First things first, ‘Anthropoid’ is a terrible title that is difficult to pronounce and will be meaningless to anyone other than a select sect of WWII history buffs. That’s a shame, because the movie that bears the name is actually rather good and could use some help to get eyeballs pointed in its general direction.
Although this is ultimately another romantically melodramatic WWII picture, at least it’s told from the perspective of an underground resistance against the Nazis. These tales are fascinating to watch now since they essentially showcase a noble use of terrorist war tactics against what is universally agreed to be the worst group of baddies in the 20th Century. That makes the story oddly politicized these days. As a result, it’s an intriguing take on the historical action film.
Cillian Murphy and Jamie Dornan star as Josef and Jan, a pair of Czech freedom fighters in the middle of Nazi occupation. At the time, the Czechs needed to prove to the West that they could be thought of as allies in need of support. As a result, a plan was hatched called Operation Anthropoid. (That would be the reason for the movie’s unfortunate title.) The plan was to assassinate top Nazi general Reinhard Heydrich (Detlef Bothe). Along with a few masterminds (obviously Toby Jones plays one because it’s a necessity he be in all movies of this sort), Jan and Josef were selected for the task. Merely moving around the city to plot an attack was impossible, so they brought in two women (Charlotte Le Bon and Anna Gieslerova) to pretend to be their dates during city walks and photography expeditions. Eventually, a plausible mode of attack appears. The only problem is that security is so tight, the chances of anyone making it out alive are slim to none. However, since ignoring the fight wasn’t an option, the team marched on.
Suffice to say, ‘Anthropoid’ is a tough film and a bit of a downer. Though the lines between the good guys and bad couldn’t be clearer, the path to heroism is murky at best and beset with peril. This is essentially a suicide mission, and writer/director Sean Ellis (‘Cashback’, ‘Metro Manila’) shoots it through the shadowy palette and somber tones of a funeral march. It’s not a fun movie by any stretch of the imagination, but it’s filled with suspense, peril and daring-do. The eventual assassination and fallout are masterfully shot and staged with deep visceral impact. Ellis favors handheld camera realism, but with a sense of suspense film grammar and editing. It’s all carefully controlled to keep audiences on the edge of their seats, yet loosely shot through messy realism. The results can be both emotionally devastating and thrillingly exciting. It’s a nasty slice of history from a war usually depicted in films with glossy heroism.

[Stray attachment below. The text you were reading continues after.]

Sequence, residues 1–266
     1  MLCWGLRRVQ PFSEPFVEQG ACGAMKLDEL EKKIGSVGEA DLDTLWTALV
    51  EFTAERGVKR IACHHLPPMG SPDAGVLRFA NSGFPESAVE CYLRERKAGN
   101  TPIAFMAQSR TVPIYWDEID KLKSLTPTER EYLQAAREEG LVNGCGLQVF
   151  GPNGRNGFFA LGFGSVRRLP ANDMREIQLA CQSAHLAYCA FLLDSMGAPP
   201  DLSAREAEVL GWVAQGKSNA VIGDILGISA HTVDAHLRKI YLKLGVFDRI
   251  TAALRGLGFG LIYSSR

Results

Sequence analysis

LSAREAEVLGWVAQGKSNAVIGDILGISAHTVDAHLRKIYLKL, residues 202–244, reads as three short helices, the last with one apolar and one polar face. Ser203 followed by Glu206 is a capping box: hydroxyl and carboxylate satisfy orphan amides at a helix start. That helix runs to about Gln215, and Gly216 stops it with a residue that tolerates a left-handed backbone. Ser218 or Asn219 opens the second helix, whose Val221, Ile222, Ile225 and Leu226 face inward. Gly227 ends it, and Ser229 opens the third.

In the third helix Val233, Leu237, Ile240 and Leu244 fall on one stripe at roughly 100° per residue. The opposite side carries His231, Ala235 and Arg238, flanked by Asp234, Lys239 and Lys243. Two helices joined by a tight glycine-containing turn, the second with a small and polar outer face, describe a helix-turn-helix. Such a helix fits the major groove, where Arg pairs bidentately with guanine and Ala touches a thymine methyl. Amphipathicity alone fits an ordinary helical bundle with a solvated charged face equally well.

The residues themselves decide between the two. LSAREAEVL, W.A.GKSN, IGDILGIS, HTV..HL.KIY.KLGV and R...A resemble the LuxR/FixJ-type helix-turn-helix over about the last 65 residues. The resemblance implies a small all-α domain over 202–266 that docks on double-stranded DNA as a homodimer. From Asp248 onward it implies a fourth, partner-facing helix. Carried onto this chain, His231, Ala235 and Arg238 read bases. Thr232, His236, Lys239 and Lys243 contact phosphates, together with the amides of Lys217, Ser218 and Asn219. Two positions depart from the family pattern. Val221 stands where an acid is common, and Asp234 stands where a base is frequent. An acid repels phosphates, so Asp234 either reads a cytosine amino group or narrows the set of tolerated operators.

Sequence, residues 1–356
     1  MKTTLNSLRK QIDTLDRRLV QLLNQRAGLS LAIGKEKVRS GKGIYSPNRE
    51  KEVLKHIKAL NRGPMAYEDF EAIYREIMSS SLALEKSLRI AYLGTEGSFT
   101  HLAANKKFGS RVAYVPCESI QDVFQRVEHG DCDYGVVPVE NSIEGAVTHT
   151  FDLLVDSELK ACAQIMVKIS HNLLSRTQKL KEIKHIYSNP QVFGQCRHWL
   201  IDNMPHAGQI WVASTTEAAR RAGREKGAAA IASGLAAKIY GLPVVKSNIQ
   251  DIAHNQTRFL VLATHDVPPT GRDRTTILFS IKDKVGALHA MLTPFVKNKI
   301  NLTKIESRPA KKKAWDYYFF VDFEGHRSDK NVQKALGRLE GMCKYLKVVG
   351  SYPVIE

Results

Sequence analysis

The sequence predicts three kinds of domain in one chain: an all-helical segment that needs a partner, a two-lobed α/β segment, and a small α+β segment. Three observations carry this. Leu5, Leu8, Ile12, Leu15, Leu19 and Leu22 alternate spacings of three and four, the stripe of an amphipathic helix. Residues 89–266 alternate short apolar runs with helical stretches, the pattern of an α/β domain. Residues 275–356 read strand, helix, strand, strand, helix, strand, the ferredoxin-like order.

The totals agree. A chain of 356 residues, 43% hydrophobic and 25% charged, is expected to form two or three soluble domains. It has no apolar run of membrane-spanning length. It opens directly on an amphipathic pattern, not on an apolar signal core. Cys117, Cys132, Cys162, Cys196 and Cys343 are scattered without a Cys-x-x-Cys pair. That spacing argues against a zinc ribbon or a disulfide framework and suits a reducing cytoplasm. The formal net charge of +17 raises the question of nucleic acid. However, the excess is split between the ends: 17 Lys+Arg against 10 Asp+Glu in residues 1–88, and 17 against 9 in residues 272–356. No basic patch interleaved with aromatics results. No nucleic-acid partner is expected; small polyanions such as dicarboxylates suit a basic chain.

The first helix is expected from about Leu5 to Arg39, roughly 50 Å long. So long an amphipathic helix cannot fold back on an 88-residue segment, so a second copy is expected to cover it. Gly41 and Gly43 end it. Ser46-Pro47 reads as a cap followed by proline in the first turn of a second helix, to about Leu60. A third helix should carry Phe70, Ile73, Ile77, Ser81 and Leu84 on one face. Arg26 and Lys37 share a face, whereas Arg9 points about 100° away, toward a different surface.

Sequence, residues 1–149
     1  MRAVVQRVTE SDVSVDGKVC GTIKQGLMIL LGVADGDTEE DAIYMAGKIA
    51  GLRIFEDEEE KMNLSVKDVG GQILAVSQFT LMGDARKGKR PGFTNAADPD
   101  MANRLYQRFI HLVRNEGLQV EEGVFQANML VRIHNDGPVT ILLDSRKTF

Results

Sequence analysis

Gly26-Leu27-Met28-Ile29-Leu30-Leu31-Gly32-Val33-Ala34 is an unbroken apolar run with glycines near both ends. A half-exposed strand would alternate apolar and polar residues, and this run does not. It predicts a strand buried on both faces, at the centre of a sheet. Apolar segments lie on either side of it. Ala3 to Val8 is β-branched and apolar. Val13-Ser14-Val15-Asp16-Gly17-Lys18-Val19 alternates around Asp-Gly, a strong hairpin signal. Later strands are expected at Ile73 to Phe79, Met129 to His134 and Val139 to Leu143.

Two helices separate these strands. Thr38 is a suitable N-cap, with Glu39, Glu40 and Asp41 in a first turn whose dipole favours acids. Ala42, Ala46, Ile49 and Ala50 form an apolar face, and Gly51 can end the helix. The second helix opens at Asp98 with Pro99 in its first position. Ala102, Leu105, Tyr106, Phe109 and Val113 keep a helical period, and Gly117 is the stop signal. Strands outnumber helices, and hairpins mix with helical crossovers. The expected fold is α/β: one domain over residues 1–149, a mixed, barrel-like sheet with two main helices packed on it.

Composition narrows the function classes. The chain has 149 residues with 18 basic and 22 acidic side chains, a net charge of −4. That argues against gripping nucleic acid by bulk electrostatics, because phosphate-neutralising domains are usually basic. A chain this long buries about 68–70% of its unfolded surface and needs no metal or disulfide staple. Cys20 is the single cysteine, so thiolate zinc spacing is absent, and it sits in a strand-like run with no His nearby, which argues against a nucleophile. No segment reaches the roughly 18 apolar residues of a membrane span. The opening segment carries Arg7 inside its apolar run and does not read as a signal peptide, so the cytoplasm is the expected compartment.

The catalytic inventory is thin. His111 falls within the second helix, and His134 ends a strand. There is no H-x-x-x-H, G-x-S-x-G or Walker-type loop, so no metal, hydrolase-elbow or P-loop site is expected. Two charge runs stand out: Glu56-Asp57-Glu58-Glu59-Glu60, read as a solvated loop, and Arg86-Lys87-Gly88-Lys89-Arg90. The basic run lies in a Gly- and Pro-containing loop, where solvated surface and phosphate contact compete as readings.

The performances are also quite strong, particularly from a battered and bruised Cillian Murphy. The actor has made some wise choices in his career, tending to favor character roles over pretty boy leading man parts, and he always delivers. Here he plays a guy who seems to have accepted death from the start of the story and only leaves his bleak state of mind for moments of happiness he’ll ultimately regret. Jamie Dornan plays his more dumbbell partner who isn’t quite as somber, and as a result isn’t quite as prepared for the inevitable. It’s nice to report that Dornan actually delivers a decent performance given that ’50 Shades of Grey’ seemed to suggest he was incapable of such things. Everyone else is impressively naturalistic as well, especially when things go wrong and they’re put through a relentless chain of horrible ordeals.
‘Anthropoid’ isn’t exactly a bit of light summer entertainment. It’s grim, depressing and all too real. However, it’s also a well-produced movie of impressive emotional and visceral power. Perhaps it can be a little dry while setting things up and a little melodramatic when wringing every possible emotion out of the tragic downfall. However, these missteps tend to be minor. For the most part, the movie is a harsh and exciting war movie ride executed by talented and passionate artists on all levels. If you’re looking for some underground war excitement with a side of deeply depressing drama, this movie is your summertime jam.